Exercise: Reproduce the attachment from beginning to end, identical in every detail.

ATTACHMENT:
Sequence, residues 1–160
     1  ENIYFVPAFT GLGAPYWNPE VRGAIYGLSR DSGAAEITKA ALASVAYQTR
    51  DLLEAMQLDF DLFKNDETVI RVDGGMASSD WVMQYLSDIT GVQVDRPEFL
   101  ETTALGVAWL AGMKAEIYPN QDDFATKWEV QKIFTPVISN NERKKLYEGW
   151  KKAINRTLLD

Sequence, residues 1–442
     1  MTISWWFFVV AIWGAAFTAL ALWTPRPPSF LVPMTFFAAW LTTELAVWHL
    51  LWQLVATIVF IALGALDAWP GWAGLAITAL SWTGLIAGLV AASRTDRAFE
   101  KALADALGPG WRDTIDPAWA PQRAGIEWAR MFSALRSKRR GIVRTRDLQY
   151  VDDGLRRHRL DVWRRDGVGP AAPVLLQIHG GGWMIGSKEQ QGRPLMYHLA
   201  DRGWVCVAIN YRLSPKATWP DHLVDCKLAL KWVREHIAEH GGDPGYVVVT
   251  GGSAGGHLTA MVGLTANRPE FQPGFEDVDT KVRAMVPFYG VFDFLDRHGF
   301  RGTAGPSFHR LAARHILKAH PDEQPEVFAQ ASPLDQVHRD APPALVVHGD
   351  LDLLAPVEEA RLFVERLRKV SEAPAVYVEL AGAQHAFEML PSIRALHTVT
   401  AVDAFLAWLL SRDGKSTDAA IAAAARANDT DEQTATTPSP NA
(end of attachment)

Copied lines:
Sequence, residues 1–160
     1  ENIYFVPAFT GLGAPYWNPE VRGAIYGLSR DSGAAEITKA ALASVAYQTR
    51  DLLEAMQLDF DLFKNDETVI RVDGGMASSD WVMQYLSDIT GVQVDRPEFL
   101  ETTALGVAWL AGMKAEIYPN QDDFATKWEV QKIFTPVISN NERKKLYEGW
   151  KKAINRTLLD

Sequence, residues 1–442
     1  MTISWWFFVV AIWGAAFTAL ALWTPRPPSF LVPMTFFAAW LTTELAVWHL
    51  LWQLVATIVF IALGALDAWP GWAGLAITAL SWTGLIAGLV AASRTDRAFE
   101  KALADALGPG WRDTIDPAWA PQRAGIEWAR MFSALRSKRR GIVRTRDLQY
   151  VDDGLRRHRL DVWRRDGVGP AAPVLLQIHG GGWMIGSKEQ QGRPLMYHLA
   201  DRGWVCVAIN YRLSPKATWP DHLVDCKLAL KWVREHIAEH GGDPGYVVVT
   251  GGSAGGHLTA MVGLTANRPE FQPGFEDVDT KVRAMVPFYG VFDFLDRHGF
   301  RGTAGPSFHR LAARHILKAH PDEQPEVFAQ ASPLDQVHRD APPALVVHGD
   351  LDLLAPVEEA RLFVERLRKV SEAPAVYVEL AGAQHAFEML PSIRALHTVT
   401  AVDAFLAWLL SRDGKSTDAA IAAAARANDT DEQTATTPSP NA